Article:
Brussels, BELGIUM — The European Commission published today a legislative proposal to update the 2016 Network and Information Security Directive.
The proposal aims to reduce regulatory inconsistencies across the EU’s internal market and it encourages security information sharing to help companies effectively address future cybersecurity risks. But the proposal also suggests that cloud computing providers, data centres, electronic communications services, and Content Delivery Network providers be supervised in the same way that more high risk electricity and gas suppliers are. The proposal also sets out a minimum threshold for sanctions and fines of up to 2 percent of annual turnover.
Today’s proposal is part of a broader EU Strategy to address cybersecurity risks. The package also includes a review of the Critical Infrastructure Protection directive, plans to increase actionable information sharing among Member States and stakeholders (“Cyber Shield”), and the creation of a Joint Cyber Unit. The plans also propose made-in-Europe solutions that would exclude non-EU service providers from supporting the EU’s efforts on keeping critical communications and data assets secure. The EU is finally looking to support the emergence of a public European DNS resolver service, and the introduction of a possible duty of care for IoT hardware manufacturers and service providers that risk departing from globally accepted norms.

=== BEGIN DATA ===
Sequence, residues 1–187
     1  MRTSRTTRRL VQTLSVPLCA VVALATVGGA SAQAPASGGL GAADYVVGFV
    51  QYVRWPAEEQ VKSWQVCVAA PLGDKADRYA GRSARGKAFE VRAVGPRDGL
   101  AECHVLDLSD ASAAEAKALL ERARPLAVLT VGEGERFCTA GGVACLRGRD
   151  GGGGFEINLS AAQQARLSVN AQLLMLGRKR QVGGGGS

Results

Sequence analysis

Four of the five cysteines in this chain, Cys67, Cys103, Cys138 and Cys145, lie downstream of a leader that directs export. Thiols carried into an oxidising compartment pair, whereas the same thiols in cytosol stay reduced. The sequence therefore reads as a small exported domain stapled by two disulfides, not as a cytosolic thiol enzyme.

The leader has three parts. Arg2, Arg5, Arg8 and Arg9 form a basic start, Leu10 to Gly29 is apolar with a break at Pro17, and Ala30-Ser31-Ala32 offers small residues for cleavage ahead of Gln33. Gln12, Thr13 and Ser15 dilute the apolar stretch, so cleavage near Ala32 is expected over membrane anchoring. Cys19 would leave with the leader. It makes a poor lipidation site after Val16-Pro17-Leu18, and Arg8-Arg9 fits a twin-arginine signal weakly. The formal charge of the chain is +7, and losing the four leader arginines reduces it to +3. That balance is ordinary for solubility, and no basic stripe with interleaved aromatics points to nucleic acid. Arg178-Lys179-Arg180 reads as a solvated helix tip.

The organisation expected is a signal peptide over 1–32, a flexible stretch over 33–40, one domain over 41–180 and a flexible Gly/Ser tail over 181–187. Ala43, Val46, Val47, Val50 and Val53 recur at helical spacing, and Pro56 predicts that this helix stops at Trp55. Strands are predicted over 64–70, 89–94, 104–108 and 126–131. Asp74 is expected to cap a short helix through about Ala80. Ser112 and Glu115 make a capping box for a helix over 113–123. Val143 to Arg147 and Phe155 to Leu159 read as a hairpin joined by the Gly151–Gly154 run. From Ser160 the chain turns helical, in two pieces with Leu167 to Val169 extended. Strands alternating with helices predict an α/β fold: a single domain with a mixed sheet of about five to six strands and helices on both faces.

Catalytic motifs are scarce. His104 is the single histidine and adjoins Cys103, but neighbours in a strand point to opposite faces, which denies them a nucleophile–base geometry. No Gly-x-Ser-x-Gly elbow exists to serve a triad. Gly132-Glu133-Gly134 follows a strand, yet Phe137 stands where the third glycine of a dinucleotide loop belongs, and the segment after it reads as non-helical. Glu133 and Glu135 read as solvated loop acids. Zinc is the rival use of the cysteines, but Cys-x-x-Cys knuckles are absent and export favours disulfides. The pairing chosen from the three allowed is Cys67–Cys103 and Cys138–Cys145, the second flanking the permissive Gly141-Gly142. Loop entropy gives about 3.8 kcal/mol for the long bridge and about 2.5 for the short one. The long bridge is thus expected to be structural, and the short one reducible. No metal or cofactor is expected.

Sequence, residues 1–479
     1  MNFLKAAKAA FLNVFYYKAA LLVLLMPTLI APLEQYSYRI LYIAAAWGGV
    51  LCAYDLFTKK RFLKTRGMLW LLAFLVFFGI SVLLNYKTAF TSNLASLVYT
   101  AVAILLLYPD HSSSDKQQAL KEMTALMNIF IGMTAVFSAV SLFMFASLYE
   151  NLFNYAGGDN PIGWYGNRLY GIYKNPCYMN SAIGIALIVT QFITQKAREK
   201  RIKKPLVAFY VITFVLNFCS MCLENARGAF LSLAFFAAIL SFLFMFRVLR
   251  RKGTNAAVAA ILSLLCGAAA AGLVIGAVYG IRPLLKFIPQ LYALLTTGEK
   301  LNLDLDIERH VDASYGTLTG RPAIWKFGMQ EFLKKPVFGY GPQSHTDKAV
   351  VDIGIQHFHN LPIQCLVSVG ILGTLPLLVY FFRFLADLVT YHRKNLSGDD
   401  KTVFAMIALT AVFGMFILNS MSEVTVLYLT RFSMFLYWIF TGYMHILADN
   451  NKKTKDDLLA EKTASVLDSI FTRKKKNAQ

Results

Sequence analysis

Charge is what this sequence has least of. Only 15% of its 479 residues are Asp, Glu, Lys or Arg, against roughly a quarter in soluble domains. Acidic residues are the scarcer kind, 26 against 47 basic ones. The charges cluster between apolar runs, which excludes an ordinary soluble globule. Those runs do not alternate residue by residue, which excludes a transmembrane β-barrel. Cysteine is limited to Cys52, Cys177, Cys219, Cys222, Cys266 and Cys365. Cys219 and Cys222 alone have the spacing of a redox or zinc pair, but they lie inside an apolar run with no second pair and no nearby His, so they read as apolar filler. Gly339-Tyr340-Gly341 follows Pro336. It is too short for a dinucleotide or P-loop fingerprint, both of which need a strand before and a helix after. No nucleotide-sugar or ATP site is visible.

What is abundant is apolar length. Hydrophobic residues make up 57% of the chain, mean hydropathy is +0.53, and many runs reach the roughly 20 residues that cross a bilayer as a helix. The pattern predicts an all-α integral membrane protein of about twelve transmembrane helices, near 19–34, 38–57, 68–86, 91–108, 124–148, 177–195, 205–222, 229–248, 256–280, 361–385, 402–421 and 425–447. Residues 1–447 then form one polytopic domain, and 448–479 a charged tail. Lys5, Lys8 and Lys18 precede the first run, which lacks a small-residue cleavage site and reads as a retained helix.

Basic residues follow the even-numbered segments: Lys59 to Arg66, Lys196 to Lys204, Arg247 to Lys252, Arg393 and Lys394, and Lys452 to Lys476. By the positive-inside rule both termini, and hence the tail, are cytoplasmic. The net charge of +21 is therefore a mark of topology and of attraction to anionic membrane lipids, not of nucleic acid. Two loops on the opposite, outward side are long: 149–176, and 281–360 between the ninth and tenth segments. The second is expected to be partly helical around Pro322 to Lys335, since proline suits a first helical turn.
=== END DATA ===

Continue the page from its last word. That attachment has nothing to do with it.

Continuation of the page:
On the Network and Information Security Directive proposal the following can be attributed to Alexandre Roure, CCIA Public Policy Senior Manager:
“It is positive that the proposal seeks to harmonise national rules and encourage information sharing for companies to better manage security risks across Europe. However, we hope the final rules will better support companies’ cybersecurity preparedness while avoiding unnecessary compliance burdens.”